Beijing has unveiled a basket of initiatives to deepen economic, cultural and social exchanges across the Taiwan Strait, following a high-profile meeting last week between President Xi Jinping and Wu Poh-hsiung, the honorary chairman of Taiwan's ruling Kuomintang.
Wu, who is believed to act as a proxy for Taiwan's President Ma Ying-jeou, also expressed Taiwan's desire to join Asia's Regional Comprehensive Economic Partnership and to participate in other global activities.
The director of the mainland's Taiwan Affairs Office, Zhang Zhijun, said yesterday at the opening of a week-long high-level forum on cross-strait exchanges in Xiamen, Fujian province that the mainland would announce 31 measures this week to cultivate cross-strait interactions.
Among the six measures that he disclosed was the access that Taiwanese would be given to 10 categories of accreditation tests on the mainland, as well as the establishment of 10 cross-strait cultural exchange centres on the mainland.
Further, the mainland's Supreme People's Court will grant legal status to civil arbitration agreements formulated by arbitration committees in Taiwan.
The initiatives announced at the Fifth Straits Forum came as the latest attempt to promote people-to-people exchanges across the Taiwan Strait amid deep-rooted distrust.
Speaking on behalf of Xi, the chairman of the Chinese Political People's Consultative Conference, Yu Zhengsheng , said the mainland would strive towards consolidating peaceful mainland-Taiwan ties, while welcoming former pro-independence Taiwanese to visit the mainland.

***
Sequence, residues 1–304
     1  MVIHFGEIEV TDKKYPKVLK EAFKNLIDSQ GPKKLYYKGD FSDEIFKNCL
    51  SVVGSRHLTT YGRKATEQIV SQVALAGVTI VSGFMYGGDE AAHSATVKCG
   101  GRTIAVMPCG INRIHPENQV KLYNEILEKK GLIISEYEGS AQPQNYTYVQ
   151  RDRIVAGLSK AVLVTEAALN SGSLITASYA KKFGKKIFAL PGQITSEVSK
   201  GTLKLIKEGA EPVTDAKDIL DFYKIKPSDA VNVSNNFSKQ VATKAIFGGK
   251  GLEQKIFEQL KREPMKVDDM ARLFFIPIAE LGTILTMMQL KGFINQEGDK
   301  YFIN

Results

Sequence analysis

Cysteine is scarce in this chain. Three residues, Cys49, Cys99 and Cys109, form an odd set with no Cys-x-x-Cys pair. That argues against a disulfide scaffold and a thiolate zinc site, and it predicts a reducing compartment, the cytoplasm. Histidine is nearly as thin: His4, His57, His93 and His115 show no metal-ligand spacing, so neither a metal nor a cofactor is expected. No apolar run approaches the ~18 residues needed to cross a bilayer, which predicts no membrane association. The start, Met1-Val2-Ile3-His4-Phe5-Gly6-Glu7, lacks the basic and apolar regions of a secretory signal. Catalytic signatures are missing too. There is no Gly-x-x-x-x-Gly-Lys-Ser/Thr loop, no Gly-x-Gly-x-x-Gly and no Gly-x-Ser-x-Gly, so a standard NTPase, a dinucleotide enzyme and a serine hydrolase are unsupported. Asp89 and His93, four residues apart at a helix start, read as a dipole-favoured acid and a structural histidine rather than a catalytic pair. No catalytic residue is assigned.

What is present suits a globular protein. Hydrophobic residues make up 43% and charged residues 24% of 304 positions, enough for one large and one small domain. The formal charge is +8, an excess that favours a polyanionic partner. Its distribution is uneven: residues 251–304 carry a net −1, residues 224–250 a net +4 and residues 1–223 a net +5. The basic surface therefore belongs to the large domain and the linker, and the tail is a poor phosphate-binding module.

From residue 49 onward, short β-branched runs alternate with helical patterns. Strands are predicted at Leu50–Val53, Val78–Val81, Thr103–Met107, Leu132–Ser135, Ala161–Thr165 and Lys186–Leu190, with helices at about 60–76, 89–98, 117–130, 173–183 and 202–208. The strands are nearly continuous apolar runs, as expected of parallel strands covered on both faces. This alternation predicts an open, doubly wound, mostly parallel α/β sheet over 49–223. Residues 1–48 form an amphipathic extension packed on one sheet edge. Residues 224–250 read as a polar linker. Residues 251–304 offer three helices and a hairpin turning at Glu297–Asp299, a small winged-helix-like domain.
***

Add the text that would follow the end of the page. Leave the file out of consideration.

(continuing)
"Our new leadership will continue to follow correct policies and dedicate itself to consolidating the political, economic, cultural and social foundations for the peaceful development of cross-strait relations," he said.
KMT vice-chairman Lin Fong-cheng and Taicheng Deputy Mayor Cai Bing-kun are among the 1,700 delegates from across the Taiwan Strait attending this week's forum.
National Tourism Administration chairman Shao Qiwei also announced 13 more mainland cities where residents may apply for self-guided tours in Taiwan, an extension of a pilot programme introduced a few years ago.
In a speech in the United States on Thursday, Su Tseng-chang, chairman of Taiwan's main opposition Democratic Progressive Party (DPP), said his party was not only willing to open up a dialogue with mainland authorities but also looked forward to engaging mainland people, according to the Taiwan-based Want Daily.
But he reiterated that his party would never consider Taiwan a part of China and that both sides of the Taiwan Strait should maintain that status quo.
Li Jiaquan , a senior researcher specialising in Taiwan affairs at the Chinese Academy of Social Sciences, said the raft of initiatives served to deepen cross-strait exchanges but the process of advancing cross-strait relations would be long and slow because of political distrust and the fact that Taiwan political decisions were driven by voters.
But citing the row between Taiwan and the Philippines over the shooting death of a Taiwanese fisherman last month, Li said the Philippines could no longer disregard Taiwan as it used to do because Taiwan now had the mainland's support.
"Many Taiwanese might still be reluctant to regard Taiwan and the mainland as one family, but Taiwan is benefiting from the fact that the mainland is behind the island," he said. "But it'll take many, many such initiatives and exchanges to help people in Taiwan realise that."